Posts Tagged “Padden”

Alison Hell has apparently been thrust into the fashionable zombie age, judging by the gory chick clawing and gnawing on a heart in 3-D fashion for ANNIHILATOR‘s fourteenth album, “Feast”. At least Jeff Waters and company make the most of the moment, delivering a largely fast, well-entertaining ride.

Moving on past the ooh and ahh hologram cover spiffing up the ECO-book version to “Feast”, this album is by-and-large a serious ass-kicker. Stacked with heaps of thrash, killer shredding, smelted solos and superb drumming, “Feast” throws a few monkey wrenches into the scheme using the same exploratory spirit of “All For You” without dramatically altering the crunchy-yet-crisp feel of this record.

Kudos to Jeff Waters for keeping the criminally-overlooked Dave Padden on board all this time, especially now that his singer has of late been picking up rhythm guitar duties on the road. “Feast” was laid out with Waters fielding guitars and bass (Alberto Campuzano handles the latter outside of the studio), but it still feels more of a collaborative effort with Padden‘s trusty dynamics and fluid pounding from drummer Mike Harshaw.

Harshaw is terrific all over this album, as sharp as anyone Waters has corralled into the ANNIHILATOR compound. Harshaw has proven himself worthy of stepping onto Mike Mangini‘s pedals, laying down steady mosh and thrash pulses throughout “Demon Code” and “No Way Out”. He’s especially huge with his snub-nosed snare rolls on the shifty genre-collision of “No Surrender”.

“Feast” gets rowdy in a hurry with the thrashy “Deadlock” and “No Way Out”, while “Smear Campaign” alternates between mid-tempo power lines and stepped-up thrusts. “No Surrender” then presents one of the album’s curveballs, mingling some funky licks all over the verses ala LIVING COLOUR before walloping the song with massive metallic rivets on the choruses and bridges. Lifting “No Surrender” through a mosh-driven middle section and an out-of-nowhere gloom arc filled with the sounds of a presumed zombie attack, then a scorching solo from Waters, the left-of-center tinkering throughout “No Surrender” is flat-out weird. Yet it’s also a welcome sojourn back to the thrash-prog motifs of ANNIHILATOR‘s early years. Waters also loads “One Falls, Two Rise” at the end of the album with one of the busiest rounds of progression he’s ever attempted.

“Wrapped” struts out with dukes up on a mostly straightforward rawk jive that gets the benefit of some wicked top riffs and a fret-scratched solo. Then the murky anti-ballad “Perfect Angel Eyes” interrupts the headstrong chaos of “Feast”, keeping a strong slow pulse with a nifty bass loft and a subliminal static hiss lurking overtop the acoustic spiral of the song. After this point, “Feast” gets back on the gas with only a few noodlings scattered throughout “Demon Code” and the uppity “Fight the World” (which has a nifty slow fakeout intro before rumbling into speed mode) before the decorative signature swaps come all over “One Falls, Two Rise”. Padden‘s soaring vocals on “One Falls, Two Rise” hit new timbres on the opening verses than we normally hear out of him and they’re wonderful, even more so once the song blasts into a thrash arc and Padden dips into his trademark blend of clean-growl. The song takes a hundred directions from that point and Padden adjusts himself flawlessly as if by instinct.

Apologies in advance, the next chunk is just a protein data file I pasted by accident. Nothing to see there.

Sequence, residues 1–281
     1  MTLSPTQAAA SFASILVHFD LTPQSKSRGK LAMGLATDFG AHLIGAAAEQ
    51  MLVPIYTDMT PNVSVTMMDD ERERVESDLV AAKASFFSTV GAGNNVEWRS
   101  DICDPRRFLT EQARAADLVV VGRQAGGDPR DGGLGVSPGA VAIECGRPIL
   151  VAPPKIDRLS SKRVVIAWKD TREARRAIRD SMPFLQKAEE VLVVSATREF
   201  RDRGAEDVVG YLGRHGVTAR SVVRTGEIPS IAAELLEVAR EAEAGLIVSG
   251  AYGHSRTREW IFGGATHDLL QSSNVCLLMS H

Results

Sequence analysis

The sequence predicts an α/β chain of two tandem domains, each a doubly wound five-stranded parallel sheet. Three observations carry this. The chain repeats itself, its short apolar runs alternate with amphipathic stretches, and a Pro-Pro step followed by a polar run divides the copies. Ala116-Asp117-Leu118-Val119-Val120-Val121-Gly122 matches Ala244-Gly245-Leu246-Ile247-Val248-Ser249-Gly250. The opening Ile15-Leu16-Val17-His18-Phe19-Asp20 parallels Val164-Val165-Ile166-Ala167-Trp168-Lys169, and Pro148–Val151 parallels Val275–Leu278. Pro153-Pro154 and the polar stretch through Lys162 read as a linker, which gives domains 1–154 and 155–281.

The ECO-book version of “Feast” comes with the bonus disc “Re-Kill”, fifteen re-recordings from the back catalog, half culminated from ANNIHILATOR‘s celebrated couplet “Alison Hell” and “Never Neverland” and the rest spread throughout the non-Padden years. While the entire notion of heritage acts releasing bonus discs with redos has become passé, “Re-Kill” is harmless if perhaps a little insulting to Coburn Pharr and Randy Rampage. As much as it’s a joy listening to Dave Padden through ANNIHILATOR‘s last handful of studio albums, it’s more than enough for us to hear him take down “Alison Hell”, “Fun Palace” and “Word Salad” onstage. The man’s created his own legacy, modest though it may be, just like his benefactor, Jeff Waters.

That aside, “Feast” is still a hell of an enjoyable trip and Jeff Waters‘ enduring faith in Padden has paid off. From “Metal” to “Annihilator” and now “Feast”, Padden has forced Waters to raise his game, even if Padden sowed the seeds on “All for You” and “Schizo Deluxe”, two ANNIHILATOR albums that deserve more respect. “Feast” is a culmination of both of those albums while hearkening back to the early days in spots. All delivered with excellent production and a tasteful sense of style. The repeat and tweaked guitar intros to many of the cuts on the album reveals a return to songwriting fortitude in Waters‘ always-changing mindset. No need to gush about Waters‘ fret prowess on “Feast”. That comes as an automatic selling point. With much congratulations due, “Feast” is an album destined to keep a-rolling more than a few times simultaneously in your player.